The latest strike notice by the Maritime Union of New Zealand – Local 13 is “highly irresponsible,” says Ports of Auckland CEO Tony Gibson.
The port company confirmed today that it had received a sixth strike notice from the union, for a 24 hour strike starting 7 am Tuesday 31 January to 7am Wednesday 1 February.
“This sixth strike will do nothing to end the dispute other than to strengthen our resolve to sort this out once and for all,” Mr Gibson said.
Mr Gibson said the company would be going the extra mile during this strike to maintain port operations using non-union staff, and would be proceeding with consultation over its proposal to contract out labour.
Much of the port remained operational during the Christmas and New Year strikes, and the company was improving its ability to handle cargo and minimise the impact on customers each time, Mr Gibson said.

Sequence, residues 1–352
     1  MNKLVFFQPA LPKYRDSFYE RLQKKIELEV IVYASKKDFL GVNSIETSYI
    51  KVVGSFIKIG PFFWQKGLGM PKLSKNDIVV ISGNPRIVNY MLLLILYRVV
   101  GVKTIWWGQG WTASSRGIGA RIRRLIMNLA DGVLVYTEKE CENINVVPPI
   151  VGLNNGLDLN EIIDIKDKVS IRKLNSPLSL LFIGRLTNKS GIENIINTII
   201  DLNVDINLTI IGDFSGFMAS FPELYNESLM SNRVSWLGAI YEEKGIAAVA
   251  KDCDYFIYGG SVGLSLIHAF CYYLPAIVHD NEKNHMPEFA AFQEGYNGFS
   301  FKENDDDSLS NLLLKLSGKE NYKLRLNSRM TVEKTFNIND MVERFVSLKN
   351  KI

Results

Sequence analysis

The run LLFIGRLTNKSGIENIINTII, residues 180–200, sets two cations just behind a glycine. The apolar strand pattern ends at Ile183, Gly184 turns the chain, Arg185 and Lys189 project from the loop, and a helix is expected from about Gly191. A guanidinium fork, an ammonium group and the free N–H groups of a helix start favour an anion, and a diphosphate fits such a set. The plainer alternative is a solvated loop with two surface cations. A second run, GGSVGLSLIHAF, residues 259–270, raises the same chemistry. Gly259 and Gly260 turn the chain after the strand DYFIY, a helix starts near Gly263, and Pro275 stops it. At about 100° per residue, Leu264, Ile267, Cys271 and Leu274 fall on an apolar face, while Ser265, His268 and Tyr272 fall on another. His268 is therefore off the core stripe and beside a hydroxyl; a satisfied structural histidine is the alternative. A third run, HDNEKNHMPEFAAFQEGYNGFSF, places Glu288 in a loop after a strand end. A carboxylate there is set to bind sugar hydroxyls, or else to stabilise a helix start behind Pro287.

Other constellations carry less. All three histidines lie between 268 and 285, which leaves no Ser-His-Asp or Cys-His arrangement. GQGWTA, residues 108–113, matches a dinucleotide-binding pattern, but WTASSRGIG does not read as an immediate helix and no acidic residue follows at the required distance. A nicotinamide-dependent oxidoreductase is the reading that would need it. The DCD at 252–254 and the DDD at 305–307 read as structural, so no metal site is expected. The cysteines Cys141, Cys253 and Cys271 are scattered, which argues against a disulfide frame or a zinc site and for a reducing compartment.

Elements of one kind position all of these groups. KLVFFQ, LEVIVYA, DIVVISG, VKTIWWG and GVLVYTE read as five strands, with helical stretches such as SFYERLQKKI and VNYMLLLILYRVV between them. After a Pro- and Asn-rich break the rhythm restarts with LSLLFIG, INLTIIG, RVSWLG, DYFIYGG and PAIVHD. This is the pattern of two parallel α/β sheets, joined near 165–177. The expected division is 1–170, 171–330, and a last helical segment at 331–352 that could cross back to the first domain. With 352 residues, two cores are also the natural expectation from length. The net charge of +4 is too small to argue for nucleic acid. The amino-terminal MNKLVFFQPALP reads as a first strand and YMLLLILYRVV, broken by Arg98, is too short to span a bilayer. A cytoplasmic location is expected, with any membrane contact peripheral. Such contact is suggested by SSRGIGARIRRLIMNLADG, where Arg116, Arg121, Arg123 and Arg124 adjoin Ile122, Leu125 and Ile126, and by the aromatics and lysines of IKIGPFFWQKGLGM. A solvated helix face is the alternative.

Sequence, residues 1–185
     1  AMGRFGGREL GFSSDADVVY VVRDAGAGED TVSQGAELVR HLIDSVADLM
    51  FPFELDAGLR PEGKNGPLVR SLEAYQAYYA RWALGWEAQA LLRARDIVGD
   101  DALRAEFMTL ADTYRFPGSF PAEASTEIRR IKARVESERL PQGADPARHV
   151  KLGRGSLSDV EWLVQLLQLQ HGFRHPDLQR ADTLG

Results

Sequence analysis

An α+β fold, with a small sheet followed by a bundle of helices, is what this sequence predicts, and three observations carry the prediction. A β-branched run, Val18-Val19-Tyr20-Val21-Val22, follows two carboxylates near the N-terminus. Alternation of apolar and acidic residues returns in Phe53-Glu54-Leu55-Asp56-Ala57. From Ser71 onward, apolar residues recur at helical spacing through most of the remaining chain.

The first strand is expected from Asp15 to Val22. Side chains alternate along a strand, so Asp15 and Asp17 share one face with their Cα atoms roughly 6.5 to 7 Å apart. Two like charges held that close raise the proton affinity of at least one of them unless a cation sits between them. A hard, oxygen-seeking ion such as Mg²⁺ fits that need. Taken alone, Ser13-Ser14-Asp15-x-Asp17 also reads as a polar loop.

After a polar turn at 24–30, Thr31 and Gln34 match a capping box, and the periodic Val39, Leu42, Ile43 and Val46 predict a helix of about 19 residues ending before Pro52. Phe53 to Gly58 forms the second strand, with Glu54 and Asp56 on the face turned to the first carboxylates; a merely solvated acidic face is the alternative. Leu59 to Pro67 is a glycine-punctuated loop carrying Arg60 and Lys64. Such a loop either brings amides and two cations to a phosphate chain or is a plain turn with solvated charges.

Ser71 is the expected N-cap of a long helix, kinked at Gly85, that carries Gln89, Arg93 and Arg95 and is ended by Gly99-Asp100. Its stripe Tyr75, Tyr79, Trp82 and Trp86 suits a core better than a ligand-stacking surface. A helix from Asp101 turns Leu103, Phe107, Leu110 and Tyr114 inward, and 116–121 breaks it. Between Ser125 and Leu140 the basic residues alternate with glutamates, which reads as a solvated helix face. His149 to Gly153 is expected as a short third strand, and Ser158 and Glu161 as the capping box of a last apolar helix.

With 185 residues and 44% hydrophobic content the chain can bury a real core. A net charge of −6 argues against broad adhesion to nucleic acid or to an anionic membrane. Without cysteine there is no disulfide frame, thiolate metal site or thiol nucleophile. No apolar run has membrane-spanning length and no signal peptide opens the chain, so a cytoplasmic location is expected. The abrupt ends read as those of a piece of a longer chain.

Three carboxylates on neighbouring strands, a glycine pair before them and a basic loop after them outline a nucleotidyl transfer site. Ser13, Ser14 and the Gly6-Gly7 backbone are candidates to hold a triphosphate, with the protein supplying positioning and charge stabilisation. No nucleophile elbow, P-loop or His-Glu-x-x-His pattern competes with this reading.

“We will also continue to work with customers, other ports and the road transport industry to help minimise the impact of any stoppages.”
Mr Gibson said he had spent over 100 hours in mediation with the union and that it was time to move forward.
“We recognise and apologise for the serious impacts that the ongoing union disruption is having for customers, transport operators, and consumers,” he said.
“Our management team and Board have a duty to apply a commercial approach and to act in the best interests of Aucklanders, now and over the longer term.”
“We will continue to proceed with consultation over our contracting out proposal.”
Requests for Proposals to prospective contractors were issued last week.
Third party contractors already operate the conventional (non-container terminal) port facilities in Auckland. These and other services, including the on-dock empty container depot, multi-cargo wharves (Jellicoe, Freyberg, Captain Cook, Marsden), cruise business, vehicle import trade, marine services, Onehunga seaport, Wiri Inland Port and Seafuels barge Awanuia, will remain open for business.
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